On the other hand, the old-school houses are simply falling down – or being demolished once they become unliveable.

In their place: new construction. New buildings, which “conform to middle class tastes”.

So is gentrification killing Madrid?


But the idea that prices are going to stay low forever – and that nothing’s going to change – is a bit naive. If you want to read more about that, check out this article in the New Yorker: Is gentrification really a problem?

Like with the debate over tourism killing Spain, I can’t think of much of a solution to gentrification either way. (Prohibit people from moving? Control rent prices? That would just raise other problems.)

And as the New Yorker article points out, gentrification is complicated and not even sociologists really understand how it works.

Any neighborhood at any given time is getting better, or getting worse. Getting more expensive, or getting cheaper.

And here in Madrid, I’m sure rent prices are going to go up a bit more before they hit the top.

But then again, I remember those 7 years of economic crisis, when pawn shops were popping up everywhere, local housewives were turning tricks to pay the mortgage, and my neighbor practically begged me to rent her daughter’s 3-bedroom flat for 365€ a month.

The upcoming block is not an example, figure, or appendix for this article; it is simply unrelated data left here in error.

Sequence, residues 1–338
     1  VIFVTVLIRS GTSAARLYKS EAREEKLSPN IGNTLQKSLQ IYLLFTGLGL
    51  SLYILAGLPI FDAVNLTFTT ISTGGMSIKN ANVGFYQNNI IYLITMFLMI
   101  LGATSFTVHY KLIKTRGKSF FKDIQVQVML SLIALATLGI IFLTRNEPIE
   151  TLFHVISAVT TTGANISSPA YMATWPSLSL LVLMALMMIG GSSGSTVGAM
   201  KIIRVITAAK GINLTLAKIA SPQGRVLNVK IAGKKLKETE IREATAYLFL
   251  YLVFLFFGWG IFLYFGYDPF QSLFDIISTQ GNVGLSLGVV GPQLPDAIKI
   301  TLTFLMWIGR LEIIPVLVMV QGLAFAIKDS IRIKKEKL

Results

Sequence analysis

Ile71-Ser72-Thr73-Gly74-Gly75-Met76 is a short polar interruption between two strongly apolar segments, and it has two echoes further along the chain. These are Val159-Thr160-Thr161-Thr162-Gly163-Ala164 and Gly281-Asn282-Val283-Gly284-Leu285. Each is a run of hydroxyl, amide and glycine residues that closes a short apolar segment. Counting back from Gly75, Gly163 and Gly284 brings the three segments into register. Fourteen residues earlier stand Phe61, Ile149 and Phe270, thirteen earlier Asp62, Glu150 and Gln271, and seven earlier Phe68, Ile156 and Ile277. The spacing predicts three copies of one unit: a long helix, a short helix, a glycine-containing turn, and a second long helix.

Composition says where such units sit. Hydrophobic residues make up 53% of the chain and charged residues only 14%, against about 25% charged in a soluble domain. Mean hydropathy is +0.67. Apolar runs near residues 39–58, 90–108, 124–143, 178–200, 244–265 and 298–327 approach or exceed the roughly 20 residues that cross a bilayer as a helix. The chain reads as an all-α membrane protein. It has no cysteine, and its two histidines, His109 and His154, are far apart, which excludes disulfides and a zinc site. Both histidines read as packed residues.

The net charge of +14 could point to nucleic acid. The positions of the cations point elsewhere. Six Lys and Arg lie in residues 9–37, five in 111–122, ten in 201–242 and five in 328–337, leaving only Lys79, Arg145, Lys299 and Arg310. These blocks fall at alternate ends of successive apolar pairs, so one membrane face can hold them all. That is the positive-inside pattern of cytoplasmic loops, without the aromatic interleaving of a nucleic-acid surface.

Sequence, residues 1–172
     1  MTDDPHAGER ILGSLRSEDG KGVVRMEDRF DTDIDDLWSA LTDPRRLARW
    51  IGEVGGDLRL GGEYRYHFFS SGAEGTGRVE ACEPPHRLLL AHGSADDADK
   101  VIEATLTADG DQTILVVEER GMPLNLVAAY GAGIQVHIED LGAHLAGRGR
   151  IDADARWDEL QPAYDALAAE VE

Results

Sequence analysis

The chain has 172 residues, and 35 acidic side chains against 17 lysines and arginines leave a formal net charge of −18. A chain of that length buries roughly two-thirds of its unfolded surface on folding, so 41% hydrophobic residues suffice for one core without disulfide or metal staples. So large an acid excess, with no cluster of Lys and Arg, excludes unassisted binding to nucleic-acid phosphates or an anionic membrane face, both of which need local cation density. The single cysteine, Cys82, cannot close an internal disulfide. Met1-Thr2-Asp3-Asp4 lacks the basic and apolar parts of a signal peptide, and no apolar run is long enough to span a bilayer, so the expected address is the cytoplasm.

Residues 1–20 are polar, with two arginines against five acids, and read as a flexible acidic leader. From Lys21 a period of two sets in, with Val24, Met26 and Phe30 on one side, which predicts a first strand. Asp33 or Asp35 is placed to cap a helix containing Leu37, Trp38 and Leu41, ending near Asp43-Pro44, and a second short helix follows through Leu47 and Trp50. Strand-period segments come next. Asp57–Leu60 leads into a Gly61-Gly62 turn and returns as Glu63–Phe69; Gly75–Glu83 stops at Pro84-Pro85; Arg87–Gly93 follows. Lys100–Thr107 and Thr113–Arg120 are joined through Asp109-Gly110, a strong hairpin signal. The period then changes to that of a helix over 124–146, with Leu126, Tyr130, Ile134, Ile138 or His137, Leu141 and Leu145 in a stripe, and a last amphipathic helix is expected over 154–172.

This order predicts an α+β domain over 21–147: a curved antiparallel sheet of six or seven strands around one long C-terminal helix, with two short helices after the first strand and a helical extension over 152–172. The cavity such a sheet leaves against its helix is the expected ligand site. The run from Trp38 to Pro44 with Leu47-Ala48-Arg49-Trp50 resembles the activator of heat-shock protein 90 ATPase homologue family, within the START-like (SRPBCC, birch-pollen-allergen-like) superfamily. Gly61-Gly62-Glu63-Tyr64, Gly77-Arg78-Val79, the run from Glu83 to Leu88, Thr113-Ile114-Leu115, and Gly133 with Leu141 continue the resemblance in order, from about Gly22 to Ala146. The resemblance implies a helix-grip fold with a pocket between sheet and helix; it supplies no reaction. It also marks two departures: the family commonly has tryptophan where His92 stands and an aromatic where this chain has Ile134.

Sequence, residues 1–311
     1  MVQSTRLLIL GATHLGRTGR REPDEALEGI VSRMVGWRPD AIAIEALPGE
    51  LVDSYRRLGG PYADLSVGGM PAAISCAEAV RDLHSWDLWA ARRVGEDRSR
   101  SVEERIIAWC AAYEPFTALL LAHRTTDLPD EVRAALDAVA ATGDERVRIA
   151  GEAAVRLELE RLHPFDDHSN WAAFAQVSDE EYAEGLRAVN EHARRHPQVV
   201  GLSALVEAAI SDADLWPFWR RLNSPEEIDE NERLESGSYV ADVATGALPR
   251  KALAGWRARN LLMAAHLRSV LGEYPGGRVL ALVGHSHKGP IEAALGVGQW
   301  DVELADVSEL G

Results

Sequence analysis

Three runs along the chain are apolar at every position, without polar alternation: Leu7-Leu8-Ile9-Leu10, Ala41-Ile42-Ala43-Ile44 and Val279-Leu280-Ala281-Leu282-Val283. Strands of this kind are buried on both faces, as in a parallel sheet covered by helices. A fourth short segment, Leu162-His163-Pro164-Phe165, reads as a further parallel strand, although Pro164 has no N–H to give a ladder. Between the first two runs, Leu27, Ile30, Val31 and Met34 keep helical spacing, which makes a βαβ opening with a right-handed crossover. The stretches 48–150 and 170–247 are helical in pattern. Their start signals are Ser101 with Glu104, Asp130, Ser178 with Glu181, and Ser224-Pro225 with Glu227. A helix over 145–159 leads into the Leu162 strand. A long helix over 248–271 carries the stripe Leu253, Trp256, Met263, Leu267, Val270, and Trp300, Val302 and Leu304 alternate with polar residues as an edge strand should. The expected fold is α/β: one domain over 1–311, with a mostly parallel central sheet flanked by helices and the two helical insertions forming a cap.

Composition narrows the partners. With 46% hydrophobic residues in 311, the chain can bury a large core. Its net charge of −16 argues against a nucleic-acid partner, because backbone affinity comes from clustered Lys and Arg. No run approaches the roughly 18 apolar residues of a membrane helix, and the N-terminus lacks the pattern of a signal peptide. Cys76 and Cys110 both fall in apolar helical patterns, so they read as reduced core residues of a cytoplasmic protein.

(It was a dump, and I didn’t. But still. At that price I was tempted.)

Anyway, I was here for the crisis.

And believe me, kiddo… watching the economy collapse around you for several consecutive years was no fun.

No fun at all.

Despite the fall in rent prices.

That’s all I’ve got for today.

I’m out,

Mr Chorizo.

P.S. What do you think about gentrification in Madrid? Do you have any specific stories to share? Hit me up, right here in the comments… Thanks!

P.P.S. It’s also possible that I’m part of the problem here. Am I gentrifying Tetuán with my big ginger beard and my middle-class tastes? I’m not sure. I’m actually kind of proud to have finally reached the middle class in a country where salaries are generally low. But I still have no urge to pay Malasaña prices. So I guess I’m up here gentrifying things. Oh well.

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About the Author Daniel

How did I end up in Spain? Why am I still here almost 20 years later? Excellent questions. With no good answer... Anyway, at some point I became a blogger, bestselling author and contributor to Lonely Planet. So there's that. Drop me a line, I'm happy to hear from you.

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  1. Another great article Daniel, bringing back memories of when I was living there. I haven’t been back since 2005.



  2. “If you’re a landlord, are you going to keep renting out a flat at prices from 20 years ago? Only if you’re an idiot or obliged to by law.”

    Maybe we could write a similar sentence about job salaries:

    “If you’re an employee, are you going to keep salaries at prices from 20 years ago? Only if you’re an idiot or obliged to by law.”